This is to say that in videogames ludic immersion can operate independently of narrative immersion.1 In more traditional storytelling media, such as books and film, narrative immersion operates naturally as the reader or viewer retains and connects language and/or images in their understanding of the narrative. However, in gaming, where ludic play is a prerequisite of the medium, a sustained narrative immersion requires an integration of both narrative and ludic immersion. Otherwise, a game can easily undercut its own narrative purpose by succumbing to a fragmented narrative structure that oscillates between pure gameplay (e.g. a purposeless, uncontextualized gameplay challenge) and pure storytelling (e.g. a cutscene). This fallacy has been popularly referred to as ludonarrative dissonance: the discrepancy between a videogame’s narrative as told through the story and the narrative as told through the gameplay.
Because of the evident disparity between these two forms of immersion we must concede that a videogame is an imperfect medium for storytelling. Even a most carefully designed narrative game will inevitably cause some degree of ludonarrative dissonance due to the authorial control that player interactivity wrests from the game’s creators. Any game that falls under the walking simulator genre, for example – games that generally trade off complex game mechanics and challenges for subtle interactivity and focused narrative-heavy gameplay – must still deal with the potential for an uncooperative or confused player to botch the direction or momentum that the designers may have intended. By no fault of his own, the player is a constant threat to the impossible aesthetic ideal of the interactive experience. As such, a discussion about a game’s ludonarrative dissonance should be not be framed as a question of, “does the game have it?” but moreso, “in what aspects of the game is it most prominent?” and, in turn, “what effect does it have on the gameplay experience?”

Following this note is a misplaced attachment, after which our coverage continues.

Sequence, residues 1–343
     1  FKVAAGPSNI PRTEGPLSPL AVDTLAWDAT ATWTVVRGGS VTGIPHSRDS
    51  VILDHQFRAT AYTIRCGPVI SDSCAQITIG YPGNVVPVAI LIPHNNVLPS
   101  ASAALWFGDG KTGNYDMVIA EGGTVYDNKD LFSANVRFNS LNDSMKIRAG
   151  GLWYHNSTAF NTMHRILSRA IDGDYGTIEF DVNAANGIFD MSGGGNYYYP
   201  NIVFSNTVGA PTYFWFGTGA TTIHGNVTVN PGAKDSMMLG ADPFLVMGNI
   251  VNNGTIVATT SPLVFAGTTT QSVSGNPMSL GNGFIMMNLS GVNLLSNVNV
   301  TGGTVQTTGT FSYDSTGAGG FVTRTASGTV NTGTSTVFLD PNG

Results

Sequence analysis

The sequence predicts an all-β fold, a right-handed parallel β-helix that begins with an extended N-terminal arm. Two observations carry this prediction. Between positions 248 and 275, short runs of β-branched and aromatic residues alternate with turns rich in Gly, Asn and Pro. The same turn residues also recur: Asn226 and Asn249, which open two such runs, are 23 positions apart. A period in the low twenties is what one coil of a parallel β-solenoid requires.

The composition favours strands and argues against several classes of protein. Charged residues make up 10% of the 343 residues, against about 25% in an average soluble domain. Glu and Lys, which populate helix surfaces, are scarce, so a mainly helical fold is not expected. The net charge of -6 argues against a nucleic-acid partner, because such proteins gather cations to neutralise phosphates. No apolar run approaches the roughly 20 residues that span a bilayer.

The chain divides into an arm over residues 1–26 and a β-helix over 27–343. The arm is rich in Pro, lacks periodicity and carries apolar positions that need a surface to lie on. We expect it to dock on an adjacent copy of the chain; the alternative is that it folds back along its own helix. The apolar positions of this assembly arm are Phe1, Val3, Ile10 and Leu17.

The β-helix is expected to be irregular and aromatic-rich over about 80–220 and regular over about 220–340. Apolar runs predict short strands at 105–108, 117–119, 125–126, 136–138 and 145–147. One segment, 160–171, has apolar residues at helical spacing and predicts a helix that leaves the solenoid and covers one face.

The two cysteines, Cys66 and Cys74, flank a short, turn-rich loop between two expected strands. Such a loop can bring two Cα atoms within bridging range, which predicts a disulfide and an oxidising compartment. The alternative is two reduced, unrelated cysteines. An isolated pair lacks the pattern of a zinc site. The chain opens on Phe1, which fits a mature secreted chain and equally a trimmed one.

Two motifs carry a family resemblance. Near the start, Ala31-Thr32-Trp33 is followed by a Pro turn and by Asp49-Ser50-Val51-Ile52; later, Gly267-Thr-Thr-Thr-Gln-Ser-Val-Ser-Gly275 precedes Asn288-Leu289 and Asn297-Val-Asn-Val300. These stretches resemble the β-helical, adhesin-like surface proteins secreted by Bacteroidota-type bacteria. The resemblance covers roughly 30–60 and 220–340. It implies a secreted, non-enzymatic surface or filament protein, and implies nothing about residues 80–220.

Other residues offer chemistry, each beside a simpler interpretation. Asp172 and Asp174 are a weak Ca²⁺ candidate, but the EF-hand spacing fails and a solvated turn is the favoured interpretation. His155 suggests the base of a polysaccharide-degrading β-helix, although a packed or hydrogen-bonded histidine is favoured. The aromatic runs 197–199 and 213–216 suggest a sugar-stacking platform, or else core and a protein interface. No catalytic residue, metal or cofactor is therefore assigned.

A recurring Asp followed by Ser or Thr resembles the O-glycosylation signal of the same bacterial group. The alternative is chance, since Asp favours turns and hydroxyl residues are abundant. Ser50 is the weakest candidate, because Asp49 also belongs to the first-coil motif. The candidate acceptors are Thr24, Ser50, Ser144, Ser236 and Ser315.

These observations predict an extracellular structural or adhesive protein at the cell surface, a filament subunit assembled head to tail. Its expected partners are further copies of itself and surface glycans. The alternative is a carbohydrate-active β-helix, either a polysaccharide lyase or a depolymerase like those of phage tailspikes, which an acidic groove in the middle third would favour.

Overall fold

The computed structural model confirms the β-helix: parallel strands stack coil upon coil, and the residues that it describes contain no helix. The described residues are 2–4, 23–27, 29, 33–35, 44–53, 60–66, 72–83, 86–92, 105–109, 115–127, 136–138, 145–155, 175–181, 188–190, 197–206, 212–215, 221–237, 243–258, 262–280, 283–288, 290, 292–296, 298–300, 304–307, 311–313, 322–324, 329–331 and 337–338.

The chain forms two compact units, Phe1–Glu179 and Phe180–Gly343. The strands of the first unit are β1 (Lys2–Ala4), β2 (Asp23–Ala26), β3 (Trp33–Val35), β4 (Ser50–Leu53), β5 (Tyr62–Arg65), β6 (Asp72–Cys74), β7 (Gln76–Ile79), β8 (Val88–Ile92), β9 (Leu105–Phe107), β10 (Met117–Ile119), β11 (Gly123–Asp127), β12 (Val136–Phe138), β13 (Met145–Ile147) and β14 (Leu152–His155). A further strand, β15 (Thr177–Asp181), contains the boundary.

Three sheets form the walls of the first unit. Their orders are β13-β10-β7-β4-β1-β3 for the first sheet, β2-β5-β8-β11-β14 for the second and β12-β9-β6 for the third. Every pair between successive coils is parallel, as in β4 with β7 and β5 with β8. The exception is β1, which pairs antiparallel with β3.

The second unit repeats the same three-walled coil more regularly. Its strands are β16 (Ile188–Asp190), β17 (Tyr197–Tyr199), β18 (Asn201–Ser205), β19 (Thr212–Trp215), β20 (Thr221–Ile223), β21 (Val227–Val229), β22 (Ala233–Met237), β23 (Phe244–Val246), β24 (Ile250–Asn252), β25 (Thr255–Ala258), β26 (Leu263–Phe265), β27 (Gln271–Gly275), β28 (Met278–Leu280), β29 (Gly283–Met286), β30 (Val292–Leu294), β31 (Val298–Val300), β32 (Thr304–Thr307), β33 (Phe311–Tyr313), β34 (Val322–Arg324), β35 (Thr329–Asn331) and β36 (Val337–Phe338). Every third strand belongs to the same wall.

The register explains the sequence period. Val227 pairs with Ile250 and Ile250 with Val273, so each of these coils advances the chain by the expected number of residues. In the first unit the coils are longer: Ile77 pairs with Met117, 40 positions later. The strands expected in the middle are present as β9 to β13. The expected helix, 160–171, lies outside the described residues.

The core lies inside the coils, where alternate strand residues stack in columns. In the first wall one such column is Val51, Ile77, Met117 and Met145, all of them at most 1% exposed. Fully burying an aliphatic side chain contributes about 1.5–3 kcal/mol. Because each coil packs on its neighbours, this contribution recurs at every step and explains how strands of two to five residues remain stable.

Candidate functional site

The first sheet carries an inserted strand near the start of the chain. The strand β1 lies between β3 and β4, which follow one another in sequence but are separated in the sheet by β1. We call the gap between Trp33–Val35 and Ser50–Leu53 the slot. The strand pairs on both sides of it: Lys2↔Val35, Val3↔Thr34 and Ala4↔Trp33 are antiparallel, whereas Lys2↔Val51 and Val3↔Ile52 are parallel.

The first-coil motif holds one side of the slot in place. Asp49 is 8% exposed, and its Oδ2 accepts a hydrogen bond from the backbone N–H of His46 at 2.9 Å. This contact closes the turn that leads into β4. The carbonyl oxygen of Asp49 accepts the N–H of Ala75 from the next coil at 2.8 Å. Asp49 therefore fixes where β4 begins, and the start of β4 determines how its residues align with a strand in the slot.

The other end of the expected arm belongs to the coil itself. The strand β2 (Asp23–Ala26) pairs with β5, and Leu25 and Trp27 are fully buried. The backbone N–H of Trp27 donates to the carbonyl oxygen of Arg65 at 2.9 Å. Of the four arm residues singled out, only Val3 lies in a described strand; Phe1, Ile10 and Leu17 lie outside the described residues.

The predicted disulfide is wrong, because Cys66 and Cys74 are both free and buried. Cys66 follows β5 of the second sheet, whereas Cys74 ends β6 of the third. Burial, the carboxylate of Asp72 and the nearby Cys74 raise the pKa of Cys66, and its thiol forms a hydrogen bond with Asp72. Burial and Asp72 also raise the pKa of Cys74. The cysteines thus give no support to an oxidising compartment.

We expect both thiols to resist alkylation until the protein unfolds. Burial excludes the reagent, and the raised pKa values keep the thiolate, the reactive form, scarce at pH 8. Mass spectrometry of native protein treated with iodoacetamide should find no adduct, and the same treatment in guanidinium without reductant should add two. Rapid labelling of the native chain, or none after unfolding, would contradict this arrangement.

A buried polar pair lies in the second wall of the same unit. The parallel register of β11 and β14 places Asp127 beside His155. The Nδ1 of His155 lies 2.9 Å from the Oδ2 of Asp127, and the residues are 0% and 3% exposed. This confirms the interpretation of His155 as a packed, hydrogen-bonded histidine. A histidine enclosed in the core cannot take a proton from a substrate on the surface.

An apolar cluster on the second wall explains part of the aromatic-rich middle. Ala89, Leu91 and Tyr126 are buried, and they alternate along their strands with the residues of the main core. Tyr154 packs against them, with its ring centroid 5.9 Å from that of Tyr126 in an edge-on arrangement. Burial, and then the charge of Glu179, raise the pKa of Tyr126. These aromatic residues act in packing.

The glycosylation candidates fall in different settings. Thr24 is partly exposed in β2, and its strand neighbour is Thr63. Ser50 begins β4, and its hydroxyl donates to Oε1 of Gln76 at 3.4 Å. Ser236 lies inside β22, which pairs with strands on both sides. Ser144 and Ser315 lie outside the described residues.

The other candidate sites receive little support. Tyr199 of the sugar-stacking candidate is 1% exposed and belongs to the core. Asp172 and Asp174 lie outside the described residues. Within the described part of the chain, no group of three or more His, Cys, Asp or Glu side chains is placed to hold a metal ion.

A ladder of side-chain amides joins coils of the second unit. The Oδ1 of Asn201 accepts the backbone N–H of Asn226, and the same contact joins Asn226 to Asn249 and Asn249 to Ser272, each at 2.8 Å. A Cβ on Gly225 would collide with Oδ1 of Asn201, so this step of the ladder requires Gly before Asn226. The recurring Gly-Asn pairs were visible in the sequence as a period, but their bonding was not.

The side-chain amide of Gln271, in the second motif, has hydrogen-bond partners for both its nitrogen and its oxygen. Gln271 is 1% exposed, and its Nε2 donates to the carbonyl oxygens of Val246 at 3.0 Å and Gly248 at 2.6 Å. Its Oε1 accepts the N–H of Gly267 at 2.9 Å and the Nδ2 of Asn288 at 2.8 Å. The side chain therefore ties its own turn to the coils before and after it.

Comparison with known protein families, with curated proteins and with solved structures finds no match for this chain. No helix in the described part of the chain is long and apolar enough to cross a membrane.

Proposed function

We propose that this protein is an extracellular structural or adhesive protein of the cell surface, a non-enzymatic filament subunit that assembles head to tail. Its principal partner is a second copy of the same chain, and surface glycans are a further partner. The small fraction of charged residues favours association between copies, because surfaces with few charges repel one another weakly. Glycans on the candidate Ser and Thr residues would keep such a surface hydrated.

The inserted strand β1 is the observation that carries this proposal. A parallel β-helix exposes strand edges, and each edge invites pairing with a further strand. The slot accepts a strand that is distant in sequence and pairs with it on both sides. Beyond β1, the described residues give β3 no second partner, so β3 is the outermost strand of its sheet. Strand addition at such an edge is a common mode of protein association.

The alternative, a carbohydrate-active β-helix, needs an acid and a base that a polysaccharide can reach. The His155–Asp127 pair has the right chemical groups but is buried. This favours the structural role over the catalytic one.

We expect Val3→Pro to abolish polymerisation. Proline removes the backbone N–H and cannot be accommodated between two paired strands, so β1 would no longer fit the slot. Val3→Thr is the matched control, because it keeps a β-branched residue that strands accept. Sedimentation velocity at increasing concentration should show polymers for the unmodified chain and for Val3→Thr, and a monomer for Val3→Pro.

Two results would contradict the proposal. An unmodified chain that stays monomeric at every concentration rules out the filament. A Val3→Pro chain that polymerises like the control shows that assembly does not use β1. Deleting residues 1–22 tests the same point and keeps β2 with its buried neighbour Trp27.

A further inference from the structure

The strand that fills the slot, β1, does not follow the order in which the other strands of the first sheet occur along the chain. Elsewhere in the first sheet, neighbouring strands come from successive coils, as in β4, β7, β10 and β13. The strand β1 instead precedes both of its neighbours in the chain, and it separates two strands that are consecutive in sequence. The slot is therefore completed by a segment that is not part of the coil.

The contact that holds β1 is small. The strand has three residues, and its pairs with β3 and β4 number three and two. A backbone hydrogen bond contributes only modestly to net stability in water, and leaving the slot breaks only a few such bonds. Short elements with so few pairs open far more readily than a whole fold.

This nitpicking should lead us to a two-fold question: why do we even care to have rich stories in a game? and how does the medium support their immersivity? I believe the answer to the first part of the question lies on the other side of the aforementioned problem: at the same time that the player has no access to an ideal mode of play, this quality is what makes every playthrough of a game a unique and personal instantiation of the product: one which brings the player ‘closer’ to the narrative. Through interacting with a world (rather than merely viewing or imagining it) we begin to see ourselves manifest as an essential aspect of its very being. It is a more personal form of immersion than other media allow. As for the second question: the formal appeal of videogames as a storytelling medium surely lies in their multimedial nature. A single videogame, such as The Witcher 3, can use text-filled documents, environmental storytelling, and cinematic cut scenes, along with various opportunities for interactivity (exploration; battle; dialogue choices), to deepen and personalize the narrative immersion of its players. In the face of this blissfully overwhelming attention to worldbuilding, glitches, bugs, UI confusion, spatial disorientation, and other aesthetic imperfections can be easily stomached by many for the greater interest in the medium’s rich potential for immersion.